Washington, DC (August 6, 2015): Laborers’ International Union of North America (LIUNA) General President Terry O’Sullivan today made the following statement regarding the 50th Anniversary of the Voting Rights Act.
The Laborers’ International Union of North America (LIUNA) today celebrates the fiftieth anniversary of the Voting Rights Act, and remembers and honors all those who marched, fought, and even laid down their lives to secure and safeguard the voting rights of all Americans. Although African-Americans had had the right to vote since 1870, many states had devised poll taxes, voter tests, and other laws to keep African-Americans away from the polls. They had also used fear, intimidation, economic reprisals, violence, and even murder to drive home the message that voting was “for whites only.”
Fifty years ago today, a bipartisan Congress and a Southern Democrat President stood together to say “No More!” Pushed to act by Dr. Martin Luther King, Jr. and other civil rights leaders; appalled by scenes of violent repression; and inspired by the courage of ordinary citizens, they passed a law that would transform our democracy. The Voting Rights Act not only led to the registration of millions of new voters, it paved the way for the election of African-Americans, Latinos, and other minorities to local, state, and federal offices, including that of President of the United States.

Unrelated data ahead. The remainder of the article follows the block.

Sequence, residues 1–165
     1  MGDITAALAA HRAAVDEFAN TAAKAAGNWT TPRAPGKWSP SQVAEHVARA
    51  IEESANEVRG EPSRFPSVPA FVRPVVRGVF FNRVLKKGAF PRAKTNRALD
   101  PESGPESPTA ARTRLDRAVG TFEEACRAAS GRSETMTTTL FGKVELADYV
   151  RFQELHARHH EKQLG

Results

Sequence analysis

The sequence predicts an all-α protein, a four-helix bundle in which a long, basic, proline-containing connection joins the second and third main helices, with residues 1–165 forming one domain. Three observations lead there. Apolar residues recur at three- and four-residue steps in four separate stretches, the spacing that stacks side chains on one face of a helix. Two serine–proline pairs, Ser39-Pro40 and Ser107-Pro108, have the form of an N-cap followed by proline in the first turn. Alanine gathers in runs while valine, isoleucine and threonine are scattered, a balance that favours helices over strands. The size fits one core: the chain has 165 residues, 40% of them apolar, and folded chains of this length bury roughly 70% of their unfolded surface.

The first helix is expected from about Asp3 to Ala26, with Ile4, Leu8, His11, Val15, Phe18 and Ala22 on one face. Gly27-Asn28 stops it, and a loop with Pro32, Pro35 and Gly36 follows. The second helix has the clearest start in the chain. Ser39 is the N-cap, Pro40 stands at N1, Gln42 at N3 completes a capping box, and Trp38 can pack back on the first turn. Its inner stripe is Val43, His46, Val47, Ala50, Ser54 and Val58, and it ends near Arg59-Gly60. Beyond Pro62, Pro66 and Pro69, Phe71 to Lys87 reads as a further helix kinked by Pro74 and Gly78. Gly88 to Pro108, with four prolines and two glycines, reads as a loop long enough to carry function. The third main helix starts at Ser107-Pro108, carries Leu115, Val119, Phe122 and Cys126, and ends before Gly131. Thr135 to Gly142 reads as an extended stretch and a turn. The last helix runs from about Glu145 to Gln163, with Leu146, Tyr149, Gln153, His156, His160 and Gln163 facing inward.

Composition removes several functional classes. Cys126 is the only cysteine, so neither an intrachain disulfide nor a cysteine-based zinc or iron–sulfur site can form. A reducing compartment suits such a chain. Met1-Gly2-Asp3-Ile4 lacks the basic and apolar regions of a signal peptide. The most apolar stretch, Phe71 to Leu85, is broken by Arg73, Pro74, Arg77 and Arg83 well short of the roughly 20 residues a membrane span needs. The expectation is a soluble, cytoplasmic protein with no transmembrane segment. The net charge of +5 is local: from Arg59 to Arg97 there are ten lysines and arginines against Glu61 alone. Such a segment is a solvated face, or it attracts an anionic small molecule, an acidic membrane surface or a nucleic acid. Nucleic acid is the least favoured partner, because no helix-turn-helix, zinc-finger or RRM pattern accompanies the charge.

Yet even as we celebrate, we must continue to fight against those who would roll back the gains of the Voting Rights Act. The greatest tribute we can pay to those who fought for the Voting Rights Act is to oppose restrictive voter ID laws, increased obstacles to voter participation, and efforts to suppress voter turnout.
LIUNA was founded by those who knew the sting of bigotry and exclusion: African-Americans; Catholics; and immigrants from Ireland, Italy, and many other countries. Today, 112 years after our founding, and 50 years after the passage of the Voting Rights Act, we reaffirm our commitment to protecting, safeguarding, and defending the voting rights of all Americans.